“No society of the world organized under the announced
principles could survive without these freedoms which are a
part of the whole freedom for which we strive.”
—President Roosevelt’s Report to Congress on Atlantic
Charter, August 21, 1941.
By 1941 Winston Churchill and Franklin Roosevelt were two of the most prominent newsmakers in the world, and as the frequency of messages between them increased, so did the cordiality of their exchanges. Roosevelt regarded himself as a smart Yankee horse trader. Always certain he was managing the best deal, he was matched with Churchill, one of the wiliest statesmen in all British history.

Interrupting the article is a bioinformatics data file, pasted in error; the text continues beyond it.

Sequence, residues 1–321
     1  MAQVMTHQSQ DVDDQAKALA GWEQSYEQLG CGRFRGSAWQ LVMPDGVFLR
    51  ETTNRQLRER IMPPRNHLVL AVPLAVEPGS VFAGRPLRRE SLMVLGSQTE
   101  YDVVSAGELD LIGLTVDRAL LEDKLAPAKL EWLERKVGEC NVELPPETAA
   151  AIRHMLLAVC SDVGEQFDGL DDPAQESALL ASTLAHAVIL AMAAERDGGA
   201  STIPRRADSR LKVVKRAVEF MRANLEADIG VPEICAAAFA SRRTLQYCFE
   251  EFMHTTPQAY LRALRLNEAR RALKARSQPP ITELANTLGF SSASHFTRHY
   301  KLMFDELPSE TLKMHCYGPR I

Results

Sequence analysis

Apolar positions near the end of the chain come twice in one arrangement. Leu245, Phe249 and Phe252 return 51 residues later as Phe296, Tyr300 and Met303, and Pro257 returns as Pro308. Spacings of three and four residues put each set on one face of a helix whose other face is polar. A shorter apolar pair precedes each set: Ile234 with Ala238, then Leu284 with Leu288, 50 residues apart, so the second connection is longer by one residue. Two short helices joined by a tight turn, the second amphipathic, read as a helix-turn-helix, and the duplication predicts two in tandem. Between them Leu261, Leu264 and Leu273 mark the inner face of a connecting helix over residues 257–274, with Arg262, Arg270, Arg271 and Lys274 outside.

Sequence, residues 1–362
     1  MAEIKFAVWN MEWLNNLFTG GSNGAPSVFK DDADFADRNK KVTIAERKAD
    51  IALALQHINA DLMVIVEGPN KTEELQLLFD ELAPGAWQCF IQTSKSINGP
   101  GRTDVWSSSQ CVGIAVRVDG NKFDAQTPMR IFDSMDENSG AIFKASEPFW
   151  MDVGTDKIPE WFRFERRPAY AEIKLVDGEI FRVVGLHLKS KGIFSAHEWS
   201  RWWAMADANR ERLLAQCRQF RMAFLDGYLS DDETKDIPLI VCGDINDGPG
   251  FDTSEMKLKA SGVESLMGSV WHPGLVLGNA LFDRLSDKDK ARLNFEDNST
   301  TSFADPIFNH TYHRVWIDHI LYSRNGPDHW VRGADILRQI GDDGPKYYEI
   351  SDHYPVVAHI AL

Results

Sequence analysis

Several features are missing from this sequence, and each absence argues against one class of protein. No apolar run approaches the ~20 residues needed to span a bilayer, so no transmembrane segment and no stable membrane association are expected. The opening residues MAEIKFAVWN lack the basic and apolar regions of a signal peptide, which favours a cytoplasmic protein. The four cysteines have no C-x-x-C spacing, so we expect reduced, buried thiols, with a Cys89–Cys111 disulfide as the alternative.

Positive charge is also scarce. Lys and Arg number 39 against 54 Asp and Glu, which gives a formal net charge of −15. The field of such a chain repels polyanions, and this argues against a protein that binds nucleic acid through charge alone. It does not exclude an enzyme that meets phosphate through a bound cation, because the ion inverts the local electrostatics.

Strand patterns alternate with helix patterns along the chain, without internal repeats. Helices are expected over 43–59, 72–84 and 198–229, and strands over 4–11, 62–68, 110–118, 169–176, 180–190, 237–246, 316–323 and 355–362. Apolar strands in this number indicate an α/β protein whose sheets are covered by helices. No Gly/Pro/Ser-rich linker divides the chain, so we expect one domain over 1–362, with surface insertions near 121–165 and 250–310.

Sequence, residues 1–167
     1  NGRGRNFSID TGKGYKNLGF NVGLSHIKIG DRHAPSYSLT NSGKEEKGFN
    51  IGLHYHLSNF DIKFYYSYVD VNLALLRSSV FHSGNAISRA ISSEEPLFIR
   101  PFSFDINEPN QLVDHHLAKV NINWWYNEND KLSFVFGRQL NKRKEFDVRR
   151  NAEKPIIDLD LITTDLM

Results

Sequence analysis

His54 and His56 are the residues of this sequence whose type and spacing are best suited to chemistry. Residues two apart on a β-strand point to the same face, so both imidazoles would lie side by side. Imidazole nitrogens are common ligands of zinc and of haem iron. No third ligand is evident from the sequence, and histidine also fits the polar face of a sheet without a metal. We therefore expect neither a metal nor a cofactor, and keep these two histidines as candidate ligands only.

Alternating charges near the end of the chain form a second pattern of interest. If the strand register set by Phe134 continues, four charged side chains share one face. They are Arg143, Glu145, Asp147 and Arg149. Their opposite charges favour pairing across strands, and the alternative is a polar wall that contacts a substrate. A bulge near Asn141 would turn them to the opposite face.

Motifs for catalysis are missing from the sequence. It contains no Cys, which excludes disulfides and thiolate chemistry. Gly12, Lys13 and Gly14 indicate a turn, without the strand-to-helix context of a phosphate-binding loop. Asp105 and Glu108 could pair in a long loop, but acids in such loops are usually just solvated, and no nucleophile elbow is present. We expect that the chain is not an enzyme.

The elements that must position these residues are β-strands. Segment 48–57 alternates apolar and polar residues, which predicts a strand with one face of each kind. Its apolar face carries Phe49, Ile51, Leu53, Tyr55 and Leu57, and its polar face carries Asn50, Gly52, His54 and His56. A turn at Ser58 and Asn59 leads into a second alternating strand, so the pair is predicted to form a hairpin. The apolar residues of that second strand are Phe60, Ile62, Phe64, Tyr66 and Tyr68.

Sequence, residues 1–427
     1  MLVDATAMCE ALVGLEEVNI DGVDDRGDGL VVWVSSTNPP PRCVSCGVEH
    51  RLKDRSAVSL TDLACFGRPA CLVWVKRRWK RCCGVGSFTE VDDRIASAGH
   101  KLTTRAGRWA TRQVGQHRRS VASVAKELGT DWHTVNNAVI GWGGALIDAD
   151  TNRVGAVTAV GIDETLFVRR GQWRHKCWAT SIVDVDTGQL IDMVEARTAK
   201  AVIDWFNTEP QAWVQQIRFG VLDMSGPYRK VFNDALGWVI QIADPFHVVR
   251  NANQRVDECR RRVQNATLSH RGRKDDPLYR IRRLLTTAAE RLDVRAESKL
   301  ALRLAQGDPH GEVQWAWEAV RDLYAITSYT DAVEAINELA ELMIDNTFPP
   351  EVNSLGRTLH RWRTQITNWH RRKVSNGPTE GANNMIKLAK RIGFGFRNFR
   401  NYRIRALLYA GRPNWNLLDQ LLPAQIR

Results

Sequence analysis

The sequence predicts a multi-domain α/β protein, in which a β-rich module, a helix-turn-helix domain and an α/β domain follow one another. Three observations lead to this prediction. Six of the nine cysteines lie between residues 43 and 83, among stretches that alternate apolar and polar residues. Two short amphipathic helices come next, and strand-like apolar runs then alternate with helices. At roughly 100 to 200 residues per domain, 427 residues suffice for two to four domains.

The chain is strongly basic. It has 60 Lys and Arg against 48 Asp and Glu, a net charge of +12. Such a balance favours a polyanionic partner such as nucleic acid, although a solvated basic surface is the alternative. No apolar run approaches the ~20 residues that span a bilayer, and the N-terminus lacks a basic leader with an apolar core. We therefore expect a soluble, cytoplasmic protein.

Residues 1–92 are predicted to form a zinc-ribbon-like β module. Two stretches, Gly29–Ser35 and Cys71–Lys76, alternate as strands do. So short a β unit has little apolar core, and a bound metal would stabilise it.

The two had not met since casual encounters twenty-eight years earlier—encounters so insignificant that in 1941 when the two came faceto-face off the coast of Newfoundland, Churchill, to FDR’s chagrin, said he did not recall the prior meetings.
Those meetings had occurred in December, 1914, when Roosevelt as Assistant Secretary of the Navy had gone to London to study the workings of the British Admiralty. Churchill at the time was first Lord of the Admiralty, a position equivalent to the U.S. Secretary of the Navy, who then was Josephus Daniels, Roosevelt’s superior. Churchill, perhaps piqued because America had not yet entered World War I, brushed off a formal request to help the visitor, giving an explanation that the Admiralty was far too busy to offer much assistance. The two men met again briefly four